Judgment Day

The Face of Heroism

I met my neighbor on the bus the other day. We began our conversation, as we are wont to do, by exchanging details about our various children and grandchildren before falling into the usual lamentations.

“Can you believe what. . . “

“No, I feel like I’m living in a cave reeking of batshit.”

“Right? Nothing makes any sense anymore. . . How can so much doubt remain when three women. . . .“

We nodded, shook our heads, tzikached profusely. Kavanaugh, his accusers, the tradition of blaming women. We shared mutual condolences.

Then I made the mistake of saying, “All this, and Bill Cosby gets only THREE years for drugging and raping –“

She jumped in.

“Well, it was only one woman. Three years seems reasonably punitive for an old man. Especially because we can only prove it happened once.”

What?

“Further,” she went on. “A young woman has the right to say no. You accept a dinner invitation from a Bill Cosby, you know what he wants. What are you doing going out with him at all?”

I realized talking to this woman, whose intelligence and empathy I generally trust, why we older women continue to be part of the disconnect in America. The rules have changed, and instead of embracing the new world order, our judgment remains crippled by old standards.

When my neighbor and I were young, the so-called Sexual Revolution was just getting underway. We got caught up in it, and as we did, we endured the disapproval and shame of the society that had not yet embraced its precepts. We were called sluts, easy women, weaklings without morals. Women were not supposed to explore options, to experiment with sex, to enjoy it. Their imperative was to comply with the wishes of the patriarchy.

We knew that if we spoke out about our experiences with assault, molestation, denigration – and believe me, I know NO one who has had those experiences – we would only besmirch our own good names. I was keenly aware that when I turned down s casting director’s demand for a blowjob, when I eschewed the opportunity to gratify an employer, I was ruining my chances to move forward professionally or personally. I would become the subject of gossip. I would be ostracized not only by the would-be usurper himself but by everyone he either supervised or collaborated with.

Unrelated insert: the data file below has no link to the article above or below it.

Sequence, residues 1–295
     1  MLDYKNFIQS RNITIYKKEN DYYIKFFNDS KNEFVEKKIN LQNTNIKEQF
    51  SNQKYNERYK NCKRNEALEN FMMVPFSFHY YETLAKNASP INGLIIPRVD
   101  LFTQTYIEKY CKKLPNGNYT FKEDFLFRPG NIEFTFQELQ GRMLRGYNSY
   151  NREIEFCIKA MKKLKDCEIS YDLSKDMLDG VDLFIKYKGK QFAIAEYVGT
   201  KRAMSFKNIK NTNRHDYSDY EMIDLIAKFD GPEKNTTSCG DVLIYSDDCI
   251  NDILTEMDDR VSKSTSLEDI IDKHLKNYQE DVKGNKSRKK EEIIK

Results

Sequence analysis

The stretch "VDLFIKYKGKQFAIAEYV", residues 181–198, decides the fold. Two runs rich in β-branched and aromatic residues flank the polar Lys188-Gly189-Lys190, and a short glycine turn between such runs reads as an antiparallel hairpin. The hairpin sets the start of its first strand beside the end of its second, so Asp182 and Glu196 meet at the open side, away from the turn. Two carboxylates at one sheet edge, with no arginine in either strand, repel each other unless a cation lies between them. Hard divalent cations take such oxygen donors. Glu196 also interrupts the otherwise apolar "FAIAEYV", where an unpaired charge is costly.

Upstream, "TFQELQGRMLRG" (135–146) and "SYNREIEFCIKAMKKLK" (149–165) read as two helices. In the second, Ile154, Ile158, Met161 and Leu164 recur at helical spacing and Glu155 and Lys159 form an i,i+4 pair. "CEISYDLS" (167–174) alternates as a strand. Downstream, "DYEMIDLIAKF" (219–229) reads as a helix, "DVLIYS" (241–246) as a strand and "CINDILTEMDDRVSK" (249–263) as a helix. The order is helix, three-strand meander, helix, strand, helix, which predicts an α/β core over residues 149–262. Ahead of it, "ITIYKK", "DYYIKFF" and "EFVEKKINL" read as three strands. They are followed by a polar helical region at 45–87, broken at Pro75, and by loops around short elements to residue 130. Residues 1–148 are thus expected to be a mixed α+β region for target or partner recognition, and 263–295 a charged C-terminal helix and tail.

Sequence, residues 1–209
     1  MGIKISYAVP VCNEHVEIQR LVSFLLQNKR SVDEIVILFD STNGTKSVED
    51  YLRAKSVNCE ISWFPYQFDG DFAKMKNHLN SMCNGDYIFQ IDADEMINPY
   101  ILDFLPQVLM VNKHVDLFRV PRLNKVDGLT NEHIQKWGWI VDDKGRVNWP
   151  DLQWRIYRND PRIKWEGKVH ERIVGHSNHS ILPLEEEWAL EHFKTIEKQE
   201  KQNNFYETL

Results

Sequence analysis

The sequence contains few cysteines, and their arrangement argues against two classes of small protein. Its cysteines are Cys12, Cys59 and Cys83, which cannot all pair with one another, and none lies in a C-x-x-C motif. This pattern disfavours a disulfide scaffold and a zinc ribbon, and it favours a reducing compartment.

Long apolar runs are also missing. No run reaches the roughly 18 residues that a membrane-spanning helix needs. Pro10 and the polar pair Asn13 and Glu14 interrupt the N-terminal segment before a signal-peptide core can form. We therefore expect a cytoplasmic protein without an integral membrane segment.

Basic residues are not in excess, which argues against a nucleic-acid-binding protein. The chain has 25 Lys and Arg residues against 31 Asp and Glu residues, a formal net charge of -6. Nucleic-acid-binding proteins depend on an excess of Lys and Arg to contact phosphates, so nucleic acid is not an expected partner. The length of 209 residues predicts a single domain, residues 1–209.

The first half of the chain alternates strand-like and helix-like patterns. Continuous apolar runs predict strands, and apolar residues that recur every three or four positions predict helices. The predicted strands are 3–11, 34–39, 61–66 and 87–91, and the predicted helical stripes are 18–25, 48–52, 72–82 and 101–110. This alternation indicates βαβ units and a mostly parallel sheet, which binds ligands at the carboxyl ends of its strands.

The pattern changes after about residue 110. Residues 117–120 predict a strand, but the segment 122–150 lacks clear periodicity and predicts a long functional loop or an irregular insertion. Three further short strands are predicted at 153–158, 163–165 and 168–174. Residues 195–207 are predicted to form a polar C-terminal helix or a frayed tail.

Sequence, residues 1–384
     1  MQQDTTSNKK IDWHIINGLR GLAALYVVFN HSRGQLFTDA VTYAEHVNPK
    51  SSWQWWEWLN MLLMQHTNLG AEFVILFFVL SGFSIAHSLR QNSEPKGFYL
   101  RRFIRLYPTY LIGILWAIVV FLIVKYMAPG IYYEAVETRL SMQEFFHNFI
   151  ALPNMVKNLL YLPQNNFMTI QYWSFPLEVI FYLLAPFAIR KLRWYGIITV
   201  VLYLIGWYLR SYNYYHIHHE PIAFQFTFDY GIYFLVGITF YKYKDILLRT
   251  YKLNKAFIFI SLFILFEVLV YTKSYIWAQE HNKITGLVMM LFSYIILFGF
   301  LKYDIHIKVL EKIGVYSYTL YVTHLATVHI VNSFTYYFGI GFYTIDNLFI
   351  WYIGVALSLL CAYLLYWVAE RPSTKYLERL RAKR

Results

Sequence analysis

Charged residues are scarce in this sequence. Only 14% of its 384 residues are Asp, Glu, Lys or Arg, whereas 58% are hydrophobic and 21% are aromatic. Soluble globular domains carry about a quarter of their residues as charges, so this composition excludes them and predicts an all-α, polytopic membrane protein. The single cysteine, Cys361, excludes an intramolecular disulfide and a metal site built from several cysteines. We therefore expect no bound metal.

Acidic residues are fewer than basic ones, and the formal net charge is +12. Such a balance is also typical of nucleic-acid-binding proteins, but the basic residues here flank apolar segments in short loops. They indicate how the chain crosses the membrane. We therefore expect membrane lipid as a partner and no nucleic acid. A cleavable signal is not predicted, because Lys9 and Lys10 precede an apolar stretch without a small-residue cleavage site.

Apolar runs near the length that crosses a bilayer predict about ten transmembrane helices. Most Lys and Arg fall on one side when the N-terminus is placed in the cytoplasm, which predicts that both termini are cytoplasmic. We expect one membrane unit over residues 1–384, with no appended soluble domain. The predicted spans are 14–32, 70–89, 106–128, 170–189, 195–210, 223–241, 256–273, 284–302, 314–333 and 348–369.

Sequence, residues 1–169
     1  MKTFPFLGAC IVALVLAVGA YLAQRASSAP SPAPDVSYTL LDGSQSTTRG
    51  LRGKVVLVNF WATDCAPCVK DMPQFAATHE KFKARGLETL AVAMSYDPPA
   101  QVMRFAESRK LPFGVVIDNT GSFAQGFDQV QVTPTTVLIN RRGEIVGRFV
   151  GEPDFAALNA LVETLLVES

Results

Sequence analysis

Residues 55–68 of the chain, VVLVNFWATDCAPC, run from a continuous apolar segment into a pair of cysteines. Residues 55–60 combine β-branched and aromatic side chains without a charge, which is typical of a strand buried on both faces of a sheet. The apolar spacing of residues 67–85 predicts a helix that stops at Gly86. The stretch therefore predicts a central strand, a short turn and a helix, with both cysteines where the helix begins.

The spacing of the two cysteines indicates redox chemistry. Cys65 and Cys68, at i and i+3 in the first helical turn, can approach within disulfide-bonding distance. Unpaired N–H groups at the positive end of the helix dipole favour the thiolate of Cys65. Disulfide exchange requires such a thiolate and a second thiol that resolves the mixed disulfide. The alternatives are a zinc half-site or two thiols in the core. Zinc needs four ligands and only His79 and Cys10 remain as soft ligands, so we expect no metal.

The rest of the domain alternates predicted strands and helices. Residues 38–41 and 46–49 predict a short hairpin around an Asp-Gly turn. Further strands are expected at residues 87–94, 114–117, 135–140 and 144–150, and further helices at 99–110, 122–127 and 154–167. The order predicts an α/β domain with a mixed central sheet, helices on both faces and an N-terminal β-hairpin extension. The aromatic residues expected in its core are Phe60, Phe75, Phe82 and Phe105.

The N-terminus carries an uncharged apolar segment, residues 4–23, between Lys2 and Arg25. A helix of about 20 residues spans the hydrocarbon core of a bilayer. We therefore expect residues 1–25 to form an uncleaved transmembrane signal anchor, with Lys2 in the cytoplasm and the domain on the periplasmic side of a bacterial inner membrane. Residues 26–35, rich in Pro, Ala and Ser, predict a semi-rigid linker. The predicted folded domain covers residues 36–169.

I was lucky in that way. I never felt like I had nowhere to go when things didn’t work out for me where I was. There was no driving compunction to give in to male impulses. There was always a refuge. My mother joked about the swinging door on the family home, and my grandmother kept the apartment in her basement stocked, furnished and ready for any time I might opt to leave where I was in order return and begin yet again.

I began many times. We did in those days. Marriage removed us from the fray. It gave us a comfortable hiding place, an awning to protect us from the inevitable detritus that would drop out of that man’s world. Marriage was admirable. No more shame. No more idiotic comments about single women from other women.